Jeans mum wins appeal

A single mother won her appeal today against being jailed for stealing a £10 pair of jeans.

Alison Hewitt was instead ordered to serve 100 hours community service after senior judges ruled the original three-months prison sentence was manifestly excessive.

Following her successful challenge the 27-year-old said: “I’m just glad its over.”

Hewitt, of Patterson Park, Strabane, Co Tyrone, was convicted by a jury of stealing the jeans from a small clothes shop in Derry in August 2009.

A four-day Crown Court trial heard how she took three pairs into a changing room, along with her young daughter in a pram, but only returned two.

The severity of the punishment handed down to the first-time offender provoked widespread public shock.

Her lawyers argued in the Court of Appeal today that it went beyond a reasonable response to the offence of shoplifting.

Barrister Martin McCann said: “The courts must behave in a humane way.

“This is a civilised society and it only becomes less civilised for the courts not to demonstrate the sort of humanity I would suggest this case obviously deserves.”

Responding to his submissions, Lord Chief Justice Sir Declan Morgan said those who target shopkeepers trying to run businesses in difficult times must realise they risk going to jail.

The court heard how the method used to remove a security tag from the jeans will remain a mystery.

Prosecuting counsel argued that Hewitt using her sleeping child to take the buggy into the changing room was an aggravating factor.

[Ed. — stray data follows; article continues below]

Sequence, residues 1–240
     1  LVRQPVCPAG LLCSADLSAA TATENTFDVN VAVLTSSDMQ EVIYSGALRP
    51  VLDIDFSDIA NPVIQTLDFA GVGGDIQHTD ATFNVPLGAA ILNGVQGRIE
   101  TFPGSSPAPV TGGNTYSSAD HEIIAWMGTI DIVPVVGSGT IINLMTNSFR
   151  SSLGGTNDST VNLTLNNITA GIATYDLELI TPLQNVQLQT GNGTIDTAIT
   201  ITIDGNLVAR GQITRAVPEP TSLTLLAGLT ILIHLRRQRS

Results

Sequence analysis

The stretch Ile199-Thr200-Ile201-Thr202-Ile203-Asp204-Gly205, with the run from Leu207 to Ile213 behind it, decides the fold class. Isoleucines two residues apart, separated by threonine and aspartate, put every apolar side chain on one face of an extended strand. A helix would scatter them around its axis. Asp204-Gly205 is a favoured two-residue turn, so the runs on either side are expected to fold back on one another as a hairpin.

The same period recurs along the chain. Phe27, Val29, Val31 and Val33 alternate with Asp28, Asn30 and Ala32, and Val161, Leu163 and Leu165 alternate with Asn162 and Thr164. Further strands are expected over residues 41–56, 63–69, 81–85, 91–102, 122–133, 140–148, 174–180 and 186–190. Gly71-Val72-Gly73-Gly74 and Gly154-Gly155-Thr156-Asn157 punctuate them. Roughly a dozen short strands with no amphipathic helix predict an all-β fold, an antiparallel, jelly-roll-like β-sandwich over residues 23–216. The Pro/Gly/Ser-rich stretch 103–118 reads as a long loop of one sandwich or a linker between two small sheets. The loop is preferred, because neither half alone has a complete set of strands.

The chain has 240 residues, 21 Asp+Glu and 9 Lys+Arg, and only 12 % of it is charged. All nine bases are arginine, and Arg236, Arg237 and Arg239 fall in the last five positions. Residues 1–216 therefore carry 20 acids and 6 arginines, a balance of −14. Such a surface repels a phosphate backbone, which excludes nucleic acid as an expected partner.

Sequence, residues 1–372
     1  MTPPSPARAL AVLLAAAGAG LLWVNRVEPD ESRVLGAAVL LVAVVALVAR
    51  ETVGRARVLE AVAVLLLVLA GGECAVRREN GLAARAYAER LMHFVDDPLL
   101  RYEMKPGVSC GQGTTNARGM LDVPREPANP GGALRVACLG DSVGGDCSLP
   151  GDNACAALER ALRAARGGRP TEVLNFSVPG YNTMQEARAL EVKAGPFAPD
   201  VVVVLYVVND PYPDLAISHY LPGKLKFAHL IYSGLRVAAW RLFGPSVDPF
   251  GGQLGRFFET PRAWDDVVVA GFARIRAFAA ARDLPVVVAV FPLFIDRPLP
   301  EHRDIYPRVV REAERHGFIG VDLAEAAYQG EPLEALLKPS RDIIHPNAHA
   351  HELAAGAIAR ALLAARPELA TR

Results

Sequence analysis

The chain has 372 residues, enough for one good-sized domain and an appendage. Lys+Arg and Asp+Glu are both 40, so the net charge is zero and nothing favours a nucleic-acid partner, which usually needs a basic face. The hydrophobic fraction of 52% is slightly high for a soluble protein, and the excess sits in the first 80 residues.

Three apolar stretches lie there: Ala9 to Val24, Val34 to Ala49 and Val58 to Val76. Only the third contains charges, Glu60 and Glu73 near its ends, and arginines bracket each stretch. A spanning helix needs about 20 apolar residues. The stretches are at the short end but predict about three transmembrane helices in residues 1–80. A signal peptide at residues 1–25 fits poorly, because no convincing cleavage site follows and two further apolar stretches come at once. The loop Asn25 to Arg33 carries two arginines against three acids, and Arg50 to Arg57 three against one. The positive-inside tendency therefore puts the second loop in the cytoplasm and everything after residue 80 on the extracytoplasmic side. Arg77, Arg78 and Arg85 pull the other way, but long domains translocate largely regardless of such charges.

Judges rejected that submission but took more notice of the status of the shop targeted.

Sir Declan said: “This is the sort of independent trader which the law is there to protect.”

He also agreed with the the trial judge’s description of Hewitt’s actions as being calculated, premeditated and deliberate.

But Sir Declan took note of her age, lack of any previous convictions and her parental responsibilities.

He said these factors may not have been as obvious and developed before the trial judge as they were on appeal.

“We have concluded in this difficult case, having regard to the matters now before us, this case just falls on the side of sentencing which takes it outside or below the custody threshold,” he said.

Holding that the jail term should be interfered with for being manifestly excessive, the court imposed 100 hours community service as a substitute punishment.

Hewitt, who had been out on bail pending the outcome of the hearing, spoke only to express her relief at the resolution.